Page:Carroll - Notes by an Oxford Chiel.djvu/132

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upon it! Even as a railway-porter moves with an unwonted majesty when bearing a portmanteau on his head—or as I myself (to speak modestly) gain a new beauty from these massive tomes—or as ocean charms us most when the rectangular bathing-machine breaks the monotony of its curving marge—so are we blessed by the presence of that which an envious world hath dubbed 'the Tea-chest.'

Mutat quadrata rotundis. 'It exchangeth square things for round.' Witness that series of square-headed doors and windows, so beautifully broken in upon by that double archway! For indeed, though simple ('simplex munditiis,' as the poet saith) it is matchless in its beauty. Had those twin archways been greater, they would but have matched those at the corners of the Quadrangle—had they been less, they would but have copied, with an abject servility, the doorways around them. In such things, it is only a vulgar mind that thinks of a match. The subject is lowe. We seek the Unique, the Eccentric! We glory in this two-fold excavation, which scoffers speak of as 'the Tunnel.'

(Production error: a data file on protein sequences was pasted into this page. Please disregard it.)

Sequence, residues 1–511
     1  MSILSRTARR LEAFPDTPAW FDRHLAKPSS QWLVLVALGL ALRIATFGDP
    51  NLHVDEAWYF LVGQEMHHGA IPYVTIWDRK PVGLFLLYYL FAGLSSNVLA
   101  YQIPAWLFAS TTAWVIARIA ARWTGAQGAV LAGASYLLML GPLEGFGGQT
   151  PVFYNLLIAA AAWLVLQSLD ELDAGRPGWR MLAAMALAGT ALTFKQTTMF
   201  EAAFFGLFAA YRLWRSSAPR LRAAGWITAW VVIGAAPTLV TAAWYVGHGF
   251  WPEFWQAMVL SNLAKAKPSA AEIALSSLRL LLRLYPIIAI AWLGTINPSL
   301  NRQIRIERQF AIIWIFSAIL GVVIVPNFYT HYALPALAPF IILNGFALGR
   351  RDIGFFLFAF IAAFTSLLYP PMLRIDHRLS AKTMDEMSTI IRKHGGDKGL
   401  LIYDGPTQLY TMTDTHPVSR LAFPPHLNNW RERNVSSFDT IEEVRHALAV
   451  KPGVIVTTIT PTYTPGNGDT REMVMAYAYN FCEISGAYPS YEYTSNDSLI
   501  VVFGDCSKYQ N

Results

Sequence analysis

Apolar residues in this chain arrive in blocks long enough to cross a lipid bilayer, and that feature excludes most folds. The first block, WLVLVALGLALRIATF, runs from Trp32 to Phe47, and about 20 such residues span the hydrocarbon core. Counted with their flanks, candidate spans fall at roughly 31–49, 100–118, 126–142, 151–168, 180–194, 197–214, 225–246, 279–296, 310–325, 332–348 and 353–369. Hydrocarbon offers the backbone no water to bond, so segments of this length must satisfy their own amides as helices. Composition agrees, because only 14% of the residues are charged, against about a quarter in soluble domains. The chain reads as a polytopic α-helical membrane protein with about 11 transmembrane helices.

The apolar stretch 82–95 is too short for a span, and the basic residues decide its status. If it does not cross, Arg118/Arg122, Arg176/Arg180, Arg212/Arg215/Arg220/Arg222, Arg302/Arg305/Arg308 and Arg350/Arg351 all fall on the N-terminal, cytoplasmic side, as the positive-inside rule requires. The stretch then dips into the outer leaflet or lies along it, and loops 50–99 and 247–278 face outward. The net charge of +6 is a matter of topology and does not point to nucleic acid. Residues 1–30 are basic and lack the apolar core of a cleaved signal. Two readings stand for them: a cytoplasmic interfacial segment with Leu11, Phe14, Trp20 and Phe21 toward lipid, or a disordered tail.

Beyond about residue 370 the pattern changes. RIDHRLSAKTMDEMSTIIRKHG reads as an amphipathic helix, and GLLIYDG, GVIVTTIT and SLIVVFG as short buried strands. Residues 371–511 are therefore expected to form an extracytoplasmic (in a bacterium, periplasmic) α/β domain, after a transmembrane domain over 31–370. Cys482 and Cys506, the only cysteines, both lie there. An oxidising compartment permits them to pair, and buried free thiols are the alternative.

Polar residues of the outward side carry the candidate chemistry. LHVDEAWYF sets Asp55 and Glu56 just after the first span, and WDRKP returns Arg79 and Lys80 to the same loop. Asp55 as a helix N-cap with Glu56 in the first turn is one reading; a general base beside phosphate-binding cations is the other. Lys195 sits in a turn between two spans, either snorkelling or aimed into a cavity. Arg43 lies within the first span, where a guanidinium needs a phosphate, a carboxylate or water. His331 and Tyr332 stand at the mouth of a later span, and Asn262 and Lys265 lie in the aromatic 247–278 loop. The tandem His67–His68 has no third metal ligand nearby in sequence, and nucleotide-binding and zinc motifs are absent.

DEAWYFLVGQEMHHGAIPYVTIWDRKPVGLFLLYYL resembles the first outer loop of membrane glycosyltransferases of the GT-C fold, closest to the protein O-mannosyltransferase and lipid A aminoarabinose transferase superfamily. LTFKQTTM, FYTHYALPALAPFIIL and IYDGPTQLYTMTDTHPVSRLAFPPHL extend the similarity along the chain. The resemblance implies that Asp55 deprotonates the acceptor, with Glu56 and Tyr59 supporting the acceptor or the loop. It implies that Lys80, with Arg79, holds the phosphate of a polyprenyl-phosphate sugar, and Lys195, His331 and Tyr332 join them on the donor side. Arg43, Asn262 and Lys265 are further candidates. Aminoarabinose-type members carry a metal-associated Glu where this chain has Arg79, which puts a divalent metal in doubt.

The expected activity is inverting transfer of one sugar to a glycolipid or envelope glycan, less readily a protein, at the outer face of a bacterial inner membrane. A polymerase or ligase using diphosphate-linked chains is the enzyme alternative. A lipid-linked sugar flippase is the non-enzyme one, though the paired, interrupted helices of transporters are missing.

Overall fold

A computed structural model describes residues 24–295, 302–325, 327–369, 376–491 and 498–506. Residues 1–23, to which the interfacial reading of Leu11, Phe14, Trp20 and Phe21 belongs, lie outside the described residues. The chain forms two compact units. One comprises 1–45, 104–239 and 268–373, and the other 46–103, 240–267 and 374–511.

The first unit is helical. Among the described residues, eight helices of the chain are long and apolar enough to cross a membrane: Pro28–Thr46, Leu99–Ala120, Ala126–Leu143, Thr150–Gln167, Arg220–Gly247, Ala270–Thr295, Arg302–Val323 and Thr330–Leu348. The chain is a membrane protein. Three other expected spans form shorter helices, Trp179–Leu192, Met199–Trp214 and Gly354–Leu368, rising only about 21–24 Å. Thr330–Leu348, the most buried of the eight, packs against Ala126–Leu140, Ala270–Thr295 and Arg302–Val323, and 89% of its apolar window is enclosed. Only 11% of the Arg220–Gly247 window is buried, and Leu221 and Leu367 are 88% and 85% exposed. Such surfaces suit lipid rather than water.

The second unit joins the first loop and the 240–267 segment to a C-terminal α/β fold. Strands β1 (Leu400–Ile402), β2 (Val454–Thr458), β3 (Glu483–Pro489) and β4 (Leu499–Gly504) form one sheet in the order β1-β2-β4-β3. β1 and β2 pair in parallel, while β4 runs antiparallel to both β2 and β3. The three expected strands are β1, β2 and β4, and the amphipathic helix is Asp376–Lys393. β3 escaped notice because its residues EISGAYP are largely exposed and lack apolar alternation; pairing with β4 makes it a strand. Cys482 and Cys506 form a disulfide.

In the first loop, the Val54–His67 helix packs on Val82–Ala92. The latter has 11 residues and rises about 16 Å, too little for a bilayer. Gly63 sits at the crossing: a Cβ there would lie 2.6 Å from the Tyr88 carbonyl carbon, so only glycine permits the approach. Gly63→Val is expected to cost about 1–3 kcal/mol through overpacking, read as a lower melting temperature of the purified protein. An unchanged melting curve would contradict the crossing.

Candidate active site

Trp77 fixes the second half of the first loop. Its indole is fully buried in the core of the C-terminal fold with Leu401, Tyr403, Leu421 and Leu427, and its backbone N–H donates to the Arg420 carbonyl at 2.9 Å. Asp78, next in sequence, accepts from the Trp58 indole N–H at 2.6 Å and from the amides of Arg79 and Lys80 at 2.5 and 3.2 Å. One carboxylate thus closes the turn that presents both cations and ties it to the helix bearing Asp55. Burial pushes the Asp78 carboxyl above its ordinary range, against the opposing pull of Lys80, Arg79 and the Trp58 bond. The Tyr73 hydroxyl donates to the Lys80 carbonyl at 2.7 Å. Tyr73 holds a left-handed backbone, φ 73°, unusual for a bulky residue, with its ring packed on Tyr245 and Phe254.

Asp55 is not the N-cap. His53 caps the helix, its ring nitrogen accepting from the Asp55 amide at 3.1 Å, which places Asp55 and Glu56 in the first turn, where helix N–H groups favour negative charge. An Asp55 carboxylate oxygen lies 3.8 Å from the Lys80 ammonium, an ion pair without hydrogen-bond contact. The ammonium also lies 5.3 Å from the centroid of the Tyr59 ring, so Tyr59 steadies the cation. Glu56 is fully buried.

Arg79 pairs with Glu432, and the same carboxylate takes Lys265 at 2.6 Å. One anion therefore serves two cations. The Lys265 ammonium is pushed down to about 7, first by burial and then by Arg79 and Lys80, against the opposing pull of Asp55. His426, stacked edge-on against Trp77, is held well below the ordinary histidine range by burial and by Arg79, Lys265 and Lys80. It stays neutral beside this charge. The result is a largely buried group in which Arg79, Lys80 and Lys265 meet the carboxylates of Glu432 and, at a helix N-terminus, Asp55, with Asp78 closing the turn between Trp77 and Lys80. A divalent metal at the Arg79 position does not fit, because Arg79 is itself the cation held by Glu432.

Ven. Come, Sir, let me ask you a pleasant question. Why doth the Governing Body chuse